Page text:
The latest trailer for Christopher Nolan’s Dunkirk has reinvigorated many film fans’ enthusiasm for the Inception director’s latest project. Indeed the trailer, whilst baring all the hallmarks of the majority of trailers since, in fact, Inception’s, is nonetheless a great sample of what to expect on the 21st July.
The first thing viewers will notice is the trailer’s beauty – Nolan’s trademark style hasn’t been lost since he changed his usual DOP (the great Wally Pfister, who parted ways to follow his own directorial ambitions) to Hoyte van Hoytema, who worked with Nolan on his most recent film Interstellar. As flawed as the film was in parts, it was almost always breathtakingly beautiful, and in some places nothing short of jaw dropping – especially in the IMAX format that Christopher Nolan is such a fan of.
Much of Dunkirk has also been shot on IMAX film, and Nolan has really been the pioneer of shooting IMAX footage in this way, especially in unconventional manners for scenes that would normally be (and were) incredibly difficult to do, right back to the iconic bank robbing opening of The Dark Knight. The best example comes from the end of the trilogy, where Nolan strapped one of the absolutely huge IMAX cameras to a helicopter and flew it about Scotland to get the brilliant opening for The Dark Knight Rises. Given some of the shots in the Dunkirk trailer, it looks like neither Nolan nor Hoytema have lost their touch.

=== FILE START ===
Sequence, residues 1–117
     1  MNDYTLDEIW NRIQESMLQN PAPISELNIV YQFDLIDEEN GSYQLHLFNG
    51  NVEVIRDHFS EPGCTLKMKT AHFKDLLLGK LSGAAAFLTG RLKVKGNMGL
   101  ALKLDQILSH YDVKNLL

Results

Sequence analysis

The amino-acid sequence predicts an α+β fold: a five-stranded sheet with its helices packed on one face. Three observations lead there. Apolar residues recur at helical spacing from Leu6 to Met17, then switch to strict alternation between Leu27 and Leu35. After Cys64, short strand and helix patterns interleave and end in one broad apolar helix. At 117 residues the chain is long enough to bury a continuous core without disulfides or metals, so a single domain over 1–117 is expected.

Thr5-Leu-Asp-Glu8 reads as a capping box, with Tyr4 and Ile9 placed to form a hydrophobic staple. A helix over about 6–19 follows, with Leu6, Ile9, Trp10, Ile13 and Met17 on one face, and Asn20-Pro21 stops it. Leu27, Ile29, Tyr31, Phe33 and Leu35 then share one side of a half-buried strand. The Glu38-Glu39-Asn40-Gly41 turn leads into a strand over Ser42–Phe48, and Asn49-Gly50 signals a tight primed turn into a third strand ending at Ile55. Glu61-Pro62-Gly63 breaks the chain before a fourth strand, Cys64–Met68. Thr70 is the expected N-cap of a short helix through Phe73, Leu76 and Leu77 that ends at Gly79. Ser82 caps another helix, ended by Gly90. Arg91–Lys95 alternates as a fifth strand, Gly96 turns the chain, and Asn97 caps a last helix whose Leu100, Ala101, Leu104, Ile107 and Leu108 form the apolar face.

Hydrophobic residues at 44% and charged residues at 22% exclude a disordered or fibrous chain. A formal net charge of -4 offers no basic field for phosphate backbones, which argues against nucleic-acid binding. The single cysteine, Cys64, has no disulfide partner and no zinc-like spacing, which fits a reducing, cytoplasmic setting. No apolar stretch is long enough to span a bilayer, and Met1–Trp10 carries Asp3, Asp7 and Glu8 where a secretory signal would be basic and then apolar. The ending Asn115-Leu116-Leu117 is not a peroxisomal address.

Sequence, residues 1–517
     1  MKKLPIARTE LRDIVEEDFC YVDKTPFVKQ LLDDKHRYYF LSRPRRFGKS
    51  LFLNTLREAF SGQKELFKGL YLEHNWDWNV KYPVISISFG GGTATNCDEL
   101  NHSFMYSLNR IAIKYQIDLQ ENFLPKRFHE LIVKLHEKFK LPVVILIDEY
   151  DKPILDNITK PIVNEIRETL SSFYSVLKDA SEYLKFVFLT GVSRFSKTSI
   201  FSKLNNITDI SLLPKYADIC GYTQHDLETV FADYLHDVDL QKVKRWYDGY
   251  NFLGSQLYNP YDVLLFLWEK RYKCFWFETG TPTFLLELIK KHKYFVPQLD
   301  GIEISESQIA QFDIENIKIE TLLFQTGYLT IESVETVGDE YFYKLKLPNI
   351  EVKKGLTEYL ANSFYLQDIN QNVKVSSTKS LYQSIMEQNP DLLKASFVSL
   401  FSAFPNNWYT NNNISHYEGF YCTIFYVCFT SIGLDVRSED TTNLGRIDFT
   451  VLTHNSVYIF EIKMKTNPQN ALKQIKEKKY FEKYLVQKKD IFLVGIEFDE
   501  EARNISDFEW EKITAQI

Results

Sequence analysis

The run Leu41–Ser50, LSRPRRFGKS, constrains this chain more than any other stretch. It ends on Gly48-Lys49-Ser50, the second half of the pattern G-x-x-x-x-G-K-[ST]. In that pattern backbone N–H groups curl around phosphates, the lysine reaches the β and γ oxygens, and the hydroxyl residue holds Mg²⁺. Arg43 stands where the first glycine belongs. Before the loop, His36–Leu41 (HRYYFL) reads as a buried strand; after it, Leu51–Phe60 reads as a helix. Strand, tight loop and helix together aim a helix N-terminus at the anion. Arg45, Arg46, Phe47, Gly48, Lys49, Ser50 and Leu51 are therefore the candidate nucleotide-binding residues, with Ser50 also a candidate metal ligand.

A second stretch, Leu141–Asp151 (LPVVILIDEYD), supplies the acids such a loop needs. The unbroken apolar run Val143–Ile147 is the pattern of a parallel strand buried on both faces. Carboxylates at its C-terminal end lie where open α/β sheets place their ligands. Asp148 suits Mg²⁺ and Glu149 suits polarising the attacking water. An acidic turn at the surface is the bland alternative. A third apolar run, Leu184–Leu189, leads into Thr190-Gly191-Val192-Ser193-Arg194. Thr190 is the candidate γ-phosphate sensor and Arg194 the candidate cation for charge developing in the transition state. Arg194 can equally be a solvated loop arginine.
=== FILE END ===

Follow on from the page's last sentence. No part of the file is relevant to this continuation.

Adding to this is the strength of the narrative and the pure scale of the event. The so-called ‘Miracle of Dunkirk’ was just one of the many events of the Second World War that were to live on in infamy and myth after the conflict, transforming into tales of hope and despair postwar as those who lived through it remembered or tried to forget their experiences. The Dunkirk evacuation is therefore an excellent choice, embodying this whilst also having a surprisingly small preexisting cinematic legacy. Combine this with Nolan’s tested visual talents and Hans Zimmer’s return to score the film, and Dunkirk should be a visceral experience if nothing else.
More excitingly, the cast is nothing short of spectacular – as mentioned in our earlier preview of the film, the cast of Dunkirk is one of its many appeals, and Nolan has shown in the past how adept he is in handling ensemble narratives. This is most noticeable in Inception but also consider The Dark Knight, in which it’s difficult to describe Batman as the “main” character. All of this is a good sign, and frankly who isn’t looking forward to seeing Mark Rylance in a Nolan film whilst Tom Hardy flies about the skies above him in a Spitfire? There’s always lots to look forward to with news of a new Nolan film, but something about Dunkirk seems special.
By Oliver Rowe
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